“The Kentucky attorney general, Daniel Cameron, chose not to seek justice for Breonna Taylor. This is why it matters immensely that these laws are changed. This is why Amnesty is so demanding that the Peace Act and the Justice and Policing Act, which are acts that both seek to create accountability for the unlawful killing of black people, be advanced by Congress, and why we are so demanding that our representatives support passing these acts. We want to ensure that states have to choose justice so that law reflecting justice becomes a reality. The world is watching is kind of Amnesty’s motto, so here even at MSU Texas in Wichita Falls, the world is watching.”
With the world watching, Wright opened the floor for others to say a few words. Ryan Kelly, political science and mass communication junior, stepped up to the mic and shared the story of his mother.
“Obviously I’m not a black woman; I can’t speak in the shoes of a black woman, but I also was born by a black mother. When she was having me and they thought I wasn’t going to make it, the doctor said, ‘You probably can’t take care of him anyway.’ I can only imagine when her professors said, ‘Oh you’ll never make it through school with that kid.’ I can only imagine what [black women] go through on a daily basis, and I’m speaking to all these beautiful queens out there that have to walk the streets and feel like they’re not protected by anyone,”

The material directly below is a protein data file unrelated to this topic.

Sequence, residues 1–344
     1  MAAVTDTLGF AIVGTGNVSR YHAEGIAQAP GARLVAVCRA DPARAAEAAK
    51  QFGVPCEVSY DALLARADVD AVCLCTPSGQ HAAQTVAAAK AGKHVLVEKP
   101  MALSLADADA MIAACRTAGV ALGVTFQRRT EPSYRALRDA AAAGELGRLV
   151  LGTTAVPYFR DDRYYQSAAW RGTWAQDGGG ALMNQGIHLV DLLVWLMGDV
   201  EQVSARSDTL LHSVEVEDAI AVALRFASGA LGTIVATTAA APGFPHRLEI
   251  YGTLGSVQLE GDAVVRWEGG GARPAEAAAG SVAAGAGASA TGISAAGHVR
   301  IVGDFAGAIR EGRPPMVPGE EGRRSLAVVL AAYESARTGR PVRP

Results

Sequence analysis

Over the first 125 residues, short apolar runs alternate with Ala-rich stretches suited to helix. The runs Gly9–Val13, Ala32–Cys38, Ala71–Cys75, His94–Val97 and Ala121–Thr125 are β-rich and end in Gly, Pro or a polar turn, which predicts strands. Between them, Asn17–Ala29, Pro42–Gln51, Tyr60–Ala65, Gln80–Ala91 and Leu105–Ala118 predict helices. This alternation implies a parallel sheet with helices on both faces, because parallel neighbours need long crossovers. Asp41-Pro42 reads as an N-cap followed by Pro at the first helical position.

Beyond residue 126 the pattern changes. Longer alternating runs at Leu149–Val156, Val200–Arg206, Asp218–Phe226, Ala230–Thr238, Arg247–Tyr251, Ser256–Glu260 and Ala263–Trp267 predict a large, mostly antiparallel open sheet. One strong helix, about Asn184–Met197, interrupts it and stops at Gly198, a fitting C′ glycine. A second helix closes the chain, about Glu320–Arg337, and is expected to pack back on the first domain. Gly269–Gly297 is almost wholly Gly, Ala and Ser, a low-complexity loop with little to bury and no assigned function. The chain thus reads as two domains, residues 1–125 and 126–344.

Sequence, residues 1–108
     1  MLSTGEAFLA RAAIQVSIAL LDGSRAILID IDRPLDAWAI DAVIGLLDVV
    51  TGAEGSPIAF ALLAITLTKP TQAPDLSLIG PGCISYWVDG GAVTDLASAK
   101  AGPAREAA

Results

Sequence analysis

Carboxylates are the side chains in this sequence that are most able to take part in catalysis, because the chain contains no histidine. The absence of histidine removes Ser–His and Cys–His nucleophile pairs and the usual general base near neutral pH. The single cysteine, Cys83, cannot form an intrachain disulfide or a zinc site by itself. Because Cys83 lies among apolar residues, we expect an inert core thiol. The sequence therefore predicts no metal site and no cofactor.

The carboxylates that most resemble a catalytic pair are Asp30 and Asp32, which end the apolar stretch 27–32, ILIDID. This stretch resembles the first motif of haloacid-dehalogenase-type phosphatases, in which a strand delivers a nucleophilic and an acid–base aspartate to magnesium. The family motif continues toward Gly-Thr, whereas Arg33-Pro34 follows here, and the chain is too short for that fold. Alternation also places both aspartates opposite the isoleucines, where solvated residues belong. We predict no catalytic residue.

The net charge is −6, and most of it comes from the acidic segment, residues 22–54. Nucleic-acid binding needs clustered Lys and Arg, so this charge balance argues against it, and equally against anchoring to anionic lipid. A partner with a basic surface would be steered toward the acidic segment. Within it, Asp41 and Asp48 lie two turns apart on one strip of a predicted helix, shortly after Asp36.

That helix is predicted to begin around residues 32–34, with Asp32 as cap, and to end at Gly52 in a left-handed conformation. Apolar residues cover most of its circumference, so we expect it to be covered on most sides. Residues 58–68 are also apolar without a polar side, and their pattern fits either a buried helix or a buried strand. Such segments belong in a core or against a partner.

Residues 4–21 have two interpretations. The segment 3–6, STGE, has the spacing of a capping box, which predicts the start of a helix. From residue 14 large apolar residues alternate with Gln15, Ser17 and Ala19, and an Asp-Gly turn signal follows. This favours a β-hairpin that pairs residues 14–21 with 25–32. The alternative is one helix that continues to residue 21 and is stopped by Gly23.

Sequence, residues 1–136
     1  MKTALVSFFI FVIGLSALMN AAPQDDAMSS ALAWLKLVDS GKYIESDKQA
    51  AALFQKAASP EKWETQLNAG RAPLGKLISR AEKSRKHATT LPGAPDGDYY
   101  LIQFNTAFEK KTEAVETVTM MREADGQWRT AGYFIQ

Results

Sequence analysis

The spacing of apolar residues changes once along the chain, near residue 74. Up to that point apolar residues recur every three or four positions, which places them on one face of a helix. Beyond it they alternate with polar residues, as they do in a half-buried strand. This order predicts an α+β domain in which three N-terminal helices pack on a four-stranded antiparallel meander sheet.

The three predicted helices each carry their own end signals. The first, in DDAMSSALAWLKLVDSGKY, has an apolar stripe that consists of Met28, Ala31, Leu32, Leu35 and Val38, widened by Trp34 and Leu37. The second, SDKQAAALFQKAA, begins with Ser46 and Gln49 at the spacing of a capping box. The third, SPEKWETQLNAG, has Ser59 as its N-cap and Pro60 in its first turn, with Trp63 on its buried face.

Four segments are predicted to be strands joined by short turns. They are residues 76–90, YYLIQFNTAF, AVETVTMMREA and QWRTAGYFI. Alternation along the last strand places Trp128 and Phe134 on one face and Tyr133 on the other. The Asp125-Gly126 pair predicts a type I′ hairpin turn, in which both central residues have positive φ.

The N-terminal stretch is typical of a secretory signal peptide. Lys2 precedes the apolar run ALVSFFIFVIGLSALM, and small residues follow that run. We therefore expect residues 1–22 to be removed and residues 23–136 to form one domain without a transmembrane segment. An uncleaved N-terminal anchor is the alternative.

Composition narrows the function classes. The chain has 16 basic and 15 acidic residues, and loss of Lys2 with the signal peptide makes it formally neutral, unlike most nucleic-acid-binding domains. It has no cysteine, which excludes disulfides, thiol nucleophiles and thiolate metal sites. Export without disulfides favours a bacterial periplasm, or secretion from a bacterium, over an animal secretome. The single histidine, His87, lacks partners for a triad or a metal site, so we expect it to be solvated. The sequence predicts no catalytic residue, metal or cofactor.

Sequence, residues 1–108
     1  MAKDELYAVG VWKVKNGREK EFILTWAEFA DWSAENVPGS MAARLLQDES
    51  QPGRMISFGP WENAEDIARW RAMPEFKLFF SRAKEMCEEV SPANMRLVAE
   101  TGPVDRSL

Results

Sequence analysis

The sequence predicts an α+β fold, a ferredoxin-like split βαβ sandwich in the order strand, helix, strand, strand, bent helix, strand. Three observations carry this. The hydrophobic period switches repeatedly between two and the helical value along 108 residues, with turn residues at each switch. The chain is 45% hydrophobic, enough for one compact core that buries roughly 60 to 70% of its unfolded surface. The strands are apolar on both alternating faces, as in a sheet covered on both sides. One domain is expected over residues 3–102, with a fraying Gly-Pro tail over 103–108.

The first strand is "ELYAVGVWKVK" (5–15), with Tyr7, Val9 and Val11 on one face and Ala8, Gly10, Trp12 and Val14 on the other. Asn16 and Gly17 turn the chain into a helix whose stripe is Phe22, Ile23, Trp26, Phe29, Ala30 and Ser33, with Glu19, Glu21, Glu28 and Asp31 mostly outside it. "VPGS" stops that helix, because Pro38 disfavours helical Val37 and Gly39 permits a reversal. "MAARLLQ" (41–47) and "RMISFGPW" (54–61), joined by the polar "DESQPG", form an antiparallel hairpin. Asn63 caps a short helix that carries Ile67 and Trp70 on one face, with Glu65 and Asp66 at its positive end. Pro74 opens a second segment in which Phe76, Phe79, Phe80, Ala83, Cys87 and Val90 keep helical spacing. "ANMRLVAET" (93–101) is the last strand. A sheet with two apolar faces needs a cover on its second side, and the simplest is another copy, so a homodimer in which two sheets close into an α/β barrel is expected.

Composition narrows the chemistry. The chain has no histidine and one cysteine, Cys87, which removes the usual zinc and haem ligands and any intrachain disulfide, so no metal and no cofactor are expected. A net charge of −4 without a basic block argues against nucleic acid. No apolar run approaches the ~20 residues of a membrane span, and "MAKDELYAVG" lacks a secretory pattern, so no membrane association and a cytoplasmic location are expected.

Kelly acknowledged the difficulties that black women have to go through daily. As students talked at the rally they shared their story pertaining to the Black Lives Matter movement.
“The Black woman is the most unprotected person in the world, and it’s more than frustrating to continue to see the execution of unarmed Black people. For it to then be justified by our justice system is only more of a slap in the face. The lives of Black people are not political, it’s not a political issue, it’s a human issue, a person issue, a people issue. I was just going to say go vote, educate yourselves,” Zion Jones, coordinator of the Men of Color Alliance, said.
Jones ends his speech with a call to action, motivating others to vote and learn more about the issue. The lack of information on the issue has left students frustrated.